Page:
Islamic Art :
Islamic Metalwork : Superb, Seljuk Ewer with Oil-Lamp Spout
Superb, Seljuk Ewer with Oil-Lamp Spout - JB.1027
Origin: Central Asia
9.4" (23.9cm) high
x 5.1" (13.0cm) wide
Medium: bronze and Silver
Additional Information: doubled
Location: Great Britain
| Photo Gallery
Cast bronze ewer with chased decoration over whole
and Kufic inscription to shoulder; elegant, pear-
shaped body standing upon tall, splayed foot with
six-tier rosette in negative relief to underside; spout
in the form of a capped oil-lamp with curving spout
and tall reflector flanked by volutes and topped by
pearl; undulated handle; decoration to body consists
of roundel with harpy – bird with human head –
before ground of interlacing vines, all contained
within interlacing geometric border; smaller,
roundel filled with bird on either side and beyond
that, a sprouting floral display; above, inscription,
terminates at either end in roundel filled with foliate
vine; below, interlacing, geometric motif encircling
ground line; interlacing vine to shoulders and lamp;
interlacing, geometric motif to handle, as seen on
This piece is a splendid example of Seljuk
metalwork. The Seljuks were a Turkic-Persian
dynasty that broke away from the Abbasid caliphate
and came to govern a vast area from Hindu Kush to
Anatolia, Central Asia to Persian gulf.
Under Seljuk helm considerable advancements were
made in metalwork. For example, the process of
inlay was developed. By 11th-12th centuries, a
recognisable Seljuk style, heavily influenced by both
Islamic and pre-Islamic cultures had emerged.
Rather than ignoring the traditions of the cultures
they encountered, the Seljuks incorporated them
within their own artistic vocabulary, enriching and
enhancing existing techniques and forms.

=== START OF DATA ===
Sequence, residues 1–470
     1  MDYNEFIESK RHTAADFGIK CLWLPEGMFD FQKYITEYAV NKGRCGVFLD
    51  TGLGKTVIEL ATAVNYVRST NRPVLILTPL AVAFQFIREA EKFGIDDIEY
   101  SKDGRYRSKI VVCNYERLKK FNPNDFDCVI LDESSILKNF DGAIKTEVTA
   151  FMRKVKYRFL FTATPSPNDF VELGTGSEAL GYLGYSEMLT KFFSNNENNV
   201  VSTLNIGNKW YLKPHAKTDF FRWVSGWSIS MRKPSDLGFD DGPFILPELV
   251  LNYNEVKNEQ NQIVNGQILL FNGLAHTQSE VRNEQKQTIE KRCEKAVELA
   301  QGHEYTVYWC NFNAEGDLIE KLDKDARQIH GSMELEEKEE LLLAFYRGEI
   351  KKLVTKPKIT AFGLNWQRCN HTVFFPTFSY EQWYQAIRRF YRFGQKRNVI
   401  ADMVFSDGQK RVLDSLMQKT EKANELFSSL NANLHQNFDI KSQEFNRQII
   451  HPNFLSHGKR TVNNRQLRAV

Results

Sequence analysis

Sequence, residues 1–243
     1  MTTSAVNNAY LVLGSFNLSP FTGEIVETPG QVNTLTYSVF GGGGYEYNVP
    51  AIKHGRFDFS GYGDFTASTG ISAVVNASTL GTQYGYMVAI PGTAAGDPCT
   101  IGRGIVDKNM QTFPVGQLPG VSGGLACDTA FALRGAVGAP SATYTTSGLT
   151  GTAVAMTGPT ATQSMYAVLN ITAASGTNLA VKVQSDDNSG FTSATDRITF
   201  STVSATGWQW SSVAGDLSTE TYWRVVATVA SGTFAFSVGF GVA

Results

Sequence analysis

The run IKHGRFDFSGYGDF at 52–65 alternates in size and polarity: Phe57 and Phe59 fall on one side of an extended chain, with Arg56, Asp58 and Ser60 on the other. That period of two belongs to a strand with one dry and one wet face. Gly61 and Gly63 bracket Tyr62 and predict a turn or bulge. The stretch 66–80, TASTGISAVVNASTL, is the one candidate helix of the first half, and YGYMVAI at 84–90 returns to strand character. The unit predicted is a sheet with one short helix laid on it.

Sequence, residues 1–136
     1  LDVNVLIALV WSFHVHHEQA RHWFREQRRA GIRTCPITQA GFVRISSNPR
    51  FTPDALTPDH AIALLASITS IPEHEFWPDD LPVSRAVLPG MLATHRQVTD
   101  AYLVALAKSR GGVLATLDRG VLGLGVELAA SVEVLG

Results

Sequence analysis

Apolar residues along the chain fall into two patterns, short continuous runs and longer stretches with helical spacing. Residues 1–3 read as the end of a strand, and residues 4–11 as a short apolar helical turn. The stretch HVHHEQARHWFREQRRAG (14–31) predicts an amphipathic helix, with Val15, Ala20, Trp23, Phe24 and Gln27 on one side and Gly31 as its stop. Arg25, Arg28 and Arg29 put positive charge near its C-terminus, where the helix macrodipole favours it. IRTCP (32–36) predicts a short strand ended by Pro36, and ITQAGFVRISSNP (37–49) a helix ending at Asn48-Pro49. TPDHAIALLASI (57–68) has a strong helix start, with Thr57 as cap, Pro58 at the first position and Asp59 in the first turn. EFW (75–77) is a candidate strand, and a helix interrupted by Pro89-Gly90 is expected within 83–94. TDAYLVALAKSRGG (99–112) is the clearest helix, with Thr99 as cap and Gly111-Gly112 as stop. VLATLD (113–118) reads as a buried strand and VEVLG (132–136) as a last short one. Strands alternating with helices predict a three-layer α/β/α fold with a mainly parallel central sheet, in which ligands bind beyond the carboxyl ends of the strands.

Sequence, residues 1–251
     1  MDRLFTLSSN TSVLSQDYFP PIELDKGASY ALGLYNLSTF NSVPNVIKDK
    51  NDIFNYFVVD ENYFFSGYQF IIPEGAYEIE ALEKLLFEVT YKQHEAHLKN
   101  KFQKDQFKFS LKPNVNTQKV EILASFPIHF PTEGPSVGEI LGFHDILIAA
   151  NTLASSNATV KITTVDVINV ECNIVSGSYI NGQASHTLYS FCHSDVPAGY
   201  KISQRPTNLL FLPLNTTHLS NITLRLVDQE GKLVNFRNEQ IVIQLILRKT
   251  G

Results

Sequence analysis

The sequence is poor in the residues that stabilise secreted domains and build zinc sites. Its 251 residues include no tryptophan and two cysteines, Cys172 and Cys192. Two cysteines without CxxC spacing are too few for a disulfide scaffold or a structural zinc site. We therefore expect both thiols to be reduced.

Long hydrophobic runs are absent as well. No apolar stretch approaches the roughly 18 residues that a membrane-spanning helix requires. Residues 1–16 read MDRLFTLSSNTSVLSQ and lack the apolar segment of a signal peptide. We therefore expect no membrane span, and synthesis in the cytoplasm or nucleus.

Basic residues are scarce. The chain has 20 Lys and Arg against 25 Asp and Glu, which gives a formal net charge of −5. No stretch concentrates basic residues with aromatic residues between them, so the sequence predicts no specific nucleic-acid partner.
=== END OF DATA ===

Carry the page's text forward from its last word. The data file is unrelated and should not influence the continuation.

Through expansion and trade, the Seljuks – and
empire at large – came into contact with Late
Antique and Byzantine influences in the west and
Persian influence in the east.
The spout in the form of a lamp perpetrates a
Byzantine tradition for bronze oil lamps that
similarly bear tall reflectors. The interlacing,
geometric bands also mimic Byzantine motifs.
Persian influence is somewhat more overt here.
Harpies had been depicted in art for centuries by
the time artisans appropriated the motif from the
Sassanians who fell to the Arab states in ACE 651.
The use of roundels as a key element of the
decorative formula, especially when filled with
zoomorphic representations also recalls Persian
wares. As does, the sprouting floral display.
These motifs are combined with classic elements of
the Islamic canon. For example, the arabesque
registers. A long tradition for metalwork in Islamic
world is attested by the high volume of extant
material. Metal objects were highly coveted and
commanded a great deal of respect.
While Farsi and a Turkic language were spoken by
the Seljuks, the Arabic inscription points to a desire
to emulate the Arab states.
A veritable tour de force demonstrating not only the
level of mastery reached by Seljuk artisans during
Medieval period but the spread of new influences
across the empire.